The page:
On my knees in tilled soil, I deposit
One lettuce seed after another in the shallow scrape
I furrowed below the taut string.
Each minuscule flake is supposed to be inserted

An inch apart.
But as my thick finger ends hover above the row,
Seeds clump together where they land
Or spray out to fleck the sides of the depression.

When I attempt to retrieve errant seeds
I inadvertently jam most of them deeper
Into the crumbs and grains of the bed.
Rectifying matters as best I can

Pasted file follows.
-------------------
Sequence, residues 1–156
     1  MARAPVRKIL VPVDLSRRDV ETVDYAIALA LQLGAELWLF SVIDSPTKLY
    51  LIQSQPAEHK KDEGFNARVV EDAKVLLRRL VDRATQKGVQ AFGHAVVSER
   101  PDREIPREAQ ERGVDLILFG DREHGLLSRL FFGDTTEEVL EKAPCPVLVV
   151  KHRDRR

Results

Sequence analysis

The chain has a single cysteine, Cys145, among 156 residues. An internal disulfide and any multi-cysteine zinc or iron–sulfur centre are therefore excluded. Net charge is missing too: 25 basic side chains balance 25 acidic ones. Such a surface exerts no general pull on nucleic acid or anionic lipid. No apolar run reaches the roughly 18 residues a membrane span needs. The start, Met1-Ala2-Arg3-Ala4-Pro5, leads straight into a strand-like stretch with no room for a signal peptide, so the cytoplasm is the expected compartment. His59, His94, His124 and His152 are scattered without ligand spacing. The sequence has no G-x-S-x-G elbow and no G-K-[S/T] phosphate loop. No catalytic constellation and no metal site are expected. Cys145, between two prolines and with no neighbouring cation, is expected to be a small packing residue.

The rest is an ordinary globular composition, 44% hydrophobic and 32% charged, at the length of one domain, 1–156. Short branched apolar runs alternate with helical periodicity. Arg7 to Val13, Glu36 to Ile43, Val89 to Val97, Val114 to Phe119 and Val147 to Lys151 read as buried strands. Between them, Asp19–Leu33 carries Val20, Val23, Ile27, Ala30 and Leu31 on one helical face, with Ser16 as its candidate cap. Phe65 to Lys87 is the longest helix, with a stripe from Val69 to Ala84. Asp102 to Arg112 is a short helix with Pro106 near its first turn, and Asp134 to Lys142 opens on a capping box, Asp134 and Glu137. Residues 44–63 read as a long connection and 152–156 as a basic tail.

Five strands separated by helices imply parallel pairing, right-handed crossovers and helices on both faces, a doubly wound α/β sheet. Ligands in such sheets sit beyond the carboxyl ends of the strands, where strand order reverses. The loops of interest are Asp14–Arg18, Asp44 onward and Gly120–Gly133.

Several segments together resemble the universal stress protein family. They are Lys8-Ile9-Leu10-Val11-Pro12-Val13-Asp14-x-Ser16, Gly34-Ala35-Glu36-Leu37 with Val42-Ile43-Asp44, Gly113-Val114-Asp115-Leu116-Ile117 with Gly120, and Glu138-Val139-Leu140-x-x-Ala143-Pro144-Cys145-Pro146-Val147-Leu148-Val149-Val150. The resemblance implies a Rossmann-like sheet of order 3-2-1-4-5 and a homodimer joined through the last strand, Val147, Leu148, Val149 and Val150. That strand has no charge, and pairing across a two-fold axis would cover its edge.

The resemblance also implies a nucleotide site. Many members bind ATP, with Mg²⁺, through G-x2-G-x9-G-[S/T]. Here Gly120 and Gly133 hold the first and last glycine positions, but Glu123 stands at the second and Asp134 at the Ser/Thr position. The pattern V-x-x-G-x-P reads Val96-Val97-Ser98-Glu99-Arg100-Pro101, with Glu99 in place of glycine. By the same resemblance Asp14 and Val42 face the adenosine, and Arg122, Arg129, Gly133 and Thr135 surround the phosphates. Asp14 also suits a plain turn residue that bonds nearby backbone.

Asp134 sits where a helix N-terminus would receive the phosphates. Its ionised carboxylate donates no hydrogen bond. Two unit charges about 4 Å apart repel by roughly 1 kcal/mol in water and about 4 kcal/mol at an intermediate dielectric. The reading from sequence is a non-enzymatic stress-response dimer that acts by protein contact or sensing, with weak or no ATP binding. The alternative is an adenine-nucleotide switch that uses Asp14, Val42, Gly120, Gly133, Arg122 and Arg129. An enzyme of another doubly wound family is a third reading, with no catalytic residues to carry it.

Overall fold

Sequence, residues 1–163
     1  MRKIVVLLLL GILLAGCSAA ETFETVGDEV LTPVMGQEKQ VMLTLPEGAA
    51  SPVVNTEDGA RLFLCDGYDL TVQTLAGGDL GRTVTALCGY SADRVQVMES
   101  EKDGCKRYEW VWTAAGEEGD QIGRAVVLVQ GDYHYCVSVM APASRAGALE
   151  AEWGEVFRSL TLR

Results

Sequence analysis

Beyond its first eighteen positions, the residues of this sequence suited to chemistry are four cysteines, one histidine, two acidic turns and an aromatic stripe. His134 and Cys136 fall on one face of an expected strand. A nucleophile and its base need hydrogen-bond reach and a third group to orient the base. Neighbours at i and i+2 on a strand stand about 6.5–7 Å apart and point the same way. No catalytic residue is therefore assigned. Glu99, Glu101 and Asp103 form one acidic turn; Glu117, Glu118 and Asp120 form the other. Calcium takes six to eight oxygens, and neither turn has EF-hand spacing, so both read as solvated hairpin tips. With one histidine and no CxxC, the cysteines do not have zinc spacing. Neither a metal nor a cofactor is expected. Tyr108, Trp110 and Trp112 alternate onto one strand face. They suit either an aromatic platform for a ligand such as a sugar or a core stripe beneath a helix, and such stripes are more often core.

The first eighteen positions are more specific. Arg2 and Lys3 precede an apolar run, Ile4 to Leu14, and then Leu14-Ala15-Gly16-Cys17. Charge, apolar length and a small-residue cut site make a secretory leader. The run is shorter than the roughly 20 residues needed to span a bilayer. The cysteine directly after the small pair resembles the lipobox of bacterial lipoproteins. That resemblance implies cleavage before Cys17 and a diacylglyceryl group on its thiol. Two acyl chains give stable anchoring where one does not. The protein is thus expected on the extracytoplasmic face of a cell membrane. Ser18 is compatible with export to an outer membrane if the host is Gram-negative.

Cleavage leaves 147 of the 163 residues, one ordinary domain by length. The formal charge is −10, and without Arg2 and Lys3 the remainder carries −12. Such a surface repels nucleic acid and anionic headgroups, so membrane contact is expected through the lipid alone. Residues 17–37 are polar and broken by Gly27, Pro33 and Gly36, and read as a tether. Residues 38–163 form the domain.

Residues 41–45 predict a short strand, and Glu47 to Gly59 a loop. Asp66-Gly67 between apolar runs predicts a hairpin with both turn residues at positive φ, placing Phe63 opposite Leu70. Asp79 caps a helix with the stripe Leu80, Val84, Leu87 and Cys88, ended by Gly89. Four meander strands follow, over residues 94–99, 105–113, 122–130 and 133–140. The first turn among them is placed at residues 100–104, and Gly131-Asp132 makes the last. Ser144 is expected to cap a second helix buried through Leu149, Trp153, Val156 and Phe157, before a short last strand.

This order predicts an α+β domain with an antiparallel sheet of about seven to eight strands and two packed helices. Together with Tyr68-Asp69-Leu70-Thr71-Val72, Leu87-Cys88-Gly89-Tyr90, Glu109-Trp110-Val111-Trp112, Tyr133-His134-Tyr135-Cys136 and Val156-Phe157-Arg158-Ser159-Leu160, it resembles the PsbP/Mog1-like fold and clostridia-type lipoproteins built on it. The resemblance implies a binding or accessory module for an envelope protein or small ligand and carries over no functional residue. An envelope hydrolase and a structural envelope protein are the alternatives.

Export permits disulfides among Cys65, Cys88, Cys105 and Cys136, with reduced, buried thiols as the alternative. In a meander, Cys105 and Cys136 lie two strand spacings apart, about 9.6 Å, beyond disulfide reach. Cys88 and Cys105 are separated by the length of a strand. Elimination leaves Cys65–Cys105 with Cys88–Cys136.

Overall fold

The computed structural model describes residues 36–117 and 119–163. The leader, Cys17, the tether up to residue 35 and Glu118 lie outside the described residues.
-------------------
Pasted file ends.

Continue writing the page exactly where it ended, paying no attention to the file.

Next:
I resume laying out the line of tiny shards.
How could this placing of seed into fertile ground
Ever be considered by the ancients to be
Women's work?

Doesn't the process most closely match
Men's part in reproduction?
And given young women's familiarity with blood,
Wouldn't the assignment of gender tasks be less counterintuitive

If females had become the hunters, killers?
So much of human history involves
Stunningly irrational traditions, myths, proscriptions.
How many lives have been warped

As society tries to justify, enforce,
Tweak to be at least minimally functional
A fundamental mistake? I finish the last row,
Stroke and pat the earth back smooth.

My package of seed emptied,
I am overcome by languor
--An overwhelming urge
To roll over onto the grass alongside and sleep.